|Carole in her studio at Hunter's Point|
AG - I've noticed that the native environment of an artist often leaves the strongest visual imprint. Where did you grow up and how do you see this primary environment affecting your work?
CM - Ah, that's always a tricky question to answer. I grew up an Air Force brat, but spent the longest part of my childhood in coastal New Hampshire. The beauty of the coastline and the constant access to water have inspired the ongoing water themes in my work. More than where I grew up, I've been influenced by places I've traveled. I was a high school exchange student in Japan and also in Mexico.
AG - How did you first come to doing art? Was it ever a hobby or part-time passion before you went full-time?
|In Hot Pursuit, Acrylic on canvas|
AG - What other jobs have you done?
CM - I had my first job at eight, a paper route. I started working again at thirteen busing tables. Since then I've organized nonprofits and telephone fundraising campaigns for SaneFreeze, managed political offices in Western Massachusetts, led huge peace walks, waited tables, and for the past 17 years I've been a massage therapist in private practice as well as having taught massage at the National Holistic Institute. I'm currently the president of the Artists Guild of San Francisco.
AG - When did you commit to doing art full-time?
CM - After my son turned three, about five years ago, I joined the Artists Guild to become a full-time painter. Since I already had a full-time massage practice, I've actually got two full-time jobs. Life is full!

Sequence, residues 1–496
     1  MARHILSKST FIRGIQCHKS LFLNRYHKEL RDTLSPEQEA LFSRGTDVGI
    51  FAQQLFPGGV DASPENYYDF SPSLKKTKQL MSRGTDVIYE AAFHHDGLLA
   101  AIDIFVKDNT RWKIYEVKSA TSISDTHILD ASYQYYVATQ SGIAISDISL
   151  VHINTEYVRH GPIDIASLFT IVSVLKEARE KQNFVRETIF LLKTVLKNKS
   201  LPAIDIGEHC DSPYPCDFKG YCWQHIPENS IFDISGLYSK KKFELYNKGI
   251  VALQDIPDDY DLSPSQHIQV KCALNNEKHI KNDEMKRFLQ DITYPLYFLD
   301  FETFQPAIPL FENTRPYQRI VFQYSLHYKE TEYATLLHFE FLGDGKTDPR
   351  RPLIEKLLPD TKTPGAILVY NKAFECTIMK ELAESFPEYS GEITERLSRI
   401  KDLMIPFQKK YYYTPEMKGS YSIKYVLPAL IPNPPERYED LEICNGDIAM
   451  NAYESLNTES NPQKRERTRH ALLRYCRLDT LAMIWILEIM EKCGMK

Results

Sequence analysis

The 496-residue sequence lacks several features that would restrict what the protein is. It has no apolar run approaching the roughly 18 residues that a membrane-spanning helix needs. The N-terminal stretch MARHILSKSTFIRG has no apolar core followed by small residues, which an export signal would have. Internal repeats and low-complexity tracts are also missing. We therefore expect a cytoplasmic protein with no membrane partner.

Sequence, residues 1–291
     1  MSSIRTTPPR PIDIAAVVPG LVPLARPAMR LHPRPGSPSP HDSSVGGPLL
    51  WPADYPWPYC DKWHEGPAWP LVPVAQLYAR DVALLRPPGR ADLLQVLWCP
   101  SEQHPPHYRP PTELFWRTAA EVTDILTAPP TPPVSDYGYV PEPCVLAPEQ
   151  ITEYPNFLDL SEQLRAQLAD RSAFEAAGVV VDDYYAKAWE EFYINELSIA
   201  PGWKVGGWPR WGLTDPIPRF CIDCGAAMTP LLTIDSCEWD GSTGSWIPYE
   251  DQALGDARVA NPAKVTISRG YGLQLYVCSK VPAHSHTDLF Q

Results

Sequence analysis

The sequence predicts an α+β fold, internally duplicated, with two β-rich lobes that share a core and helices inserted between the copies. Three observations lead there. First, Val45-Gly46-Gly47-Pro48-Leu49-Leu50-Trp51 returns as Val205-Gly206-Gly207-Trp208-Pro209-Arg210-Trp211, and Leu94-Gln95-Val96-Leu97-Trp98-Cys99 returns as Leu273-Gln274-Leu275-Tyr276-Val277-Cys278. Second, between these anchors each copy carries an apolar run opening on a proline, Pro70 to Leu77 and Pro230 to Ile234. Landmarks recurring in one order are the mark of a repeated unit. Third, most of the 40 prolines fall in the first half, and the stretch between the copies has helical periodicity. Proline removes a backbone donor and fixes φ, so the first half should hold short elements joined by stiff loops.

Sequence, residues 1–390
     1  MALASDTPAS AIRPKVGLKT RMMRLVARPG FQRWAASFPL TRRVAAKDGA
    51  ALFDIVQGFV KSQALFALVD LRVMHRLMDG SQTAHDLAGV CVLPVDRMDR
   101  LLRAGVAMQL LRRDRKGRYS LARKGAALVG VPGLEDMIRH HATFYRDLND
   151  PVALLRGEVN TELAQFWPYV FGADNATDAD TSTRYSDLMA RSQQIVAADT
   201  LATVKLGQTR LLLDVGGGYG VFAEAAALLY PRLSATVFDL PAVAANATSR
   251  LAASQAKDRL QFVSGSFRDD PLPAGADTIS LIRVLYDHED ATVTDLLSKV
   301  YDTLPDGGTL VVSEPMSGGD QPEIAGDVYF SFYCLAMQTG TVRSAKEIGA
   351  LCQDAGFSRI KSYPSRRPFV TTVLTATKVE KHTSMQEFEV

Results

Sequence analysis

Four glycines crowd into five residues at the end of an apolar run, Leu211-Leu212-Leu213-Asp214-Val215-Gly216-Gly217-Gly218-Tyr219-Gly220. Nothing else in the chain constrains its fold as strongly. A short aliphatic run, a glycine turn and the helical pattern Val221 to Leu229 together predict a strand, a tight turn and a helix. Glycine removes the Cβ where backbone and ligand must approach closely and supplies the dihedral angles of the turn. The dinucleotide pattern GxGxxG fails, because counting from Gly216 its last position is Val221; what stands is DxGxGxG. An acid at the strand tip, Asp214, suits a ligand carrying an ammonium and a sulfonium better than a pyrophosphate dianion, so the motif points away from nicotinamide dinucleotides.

AG - Many people have described the move to being a full-time artist as a "leap of faith". How did this transition affect you?
|Refuge, Acrylic on canvas|
CM - For me, it was more about embracing the possibility of becoming a professional artist. I began treating my work as a viable career. Artists these days have to know how to run all aspects of a career (marketing, promotion, website design) and at the same time develop a daily studio practice. It was very exciting to finally do this. It had been a lifelong dream that I hadn't believed could be an option for me.
AG - Did your family support you in your artistic passion? How has the support, or lack thereof, affected your artistic direction?
CM - My family has always loved my artistic leanings, but were very clear that "artists don't make a living." They did support my talent by sending me to art classes when I was young. My great-grandmother was a painter and the family has always been very proud of her. I received her easel and supplies when she died. I use it to this day.
AG - Describe a day in the life. What studio hours do you keep and how do you balance other demands in your life?
|After All These Years |
the Sound of Your Voice Still Thrills Me
Acrylic on canvas
AG - Art making is intrinsically a domain of much uncertainty. Artists tend to be adventurous people. Have you taken big risks in other areas of your life? Tell me a wild story about yourself!
CM - Well, I took off to Japan and Mexico on my own in high school. New Hampshire, at the time, was a bit of a one-note place, culturally. These trips influenced my artistic aesthetic (especially Japan) to this day. I also love to go rock climbing, water skiing, and snow skiing. I like to go fast! Adrenaline is fun for me. I'm looking forward to doing all of these things more with my son as he gets bigger.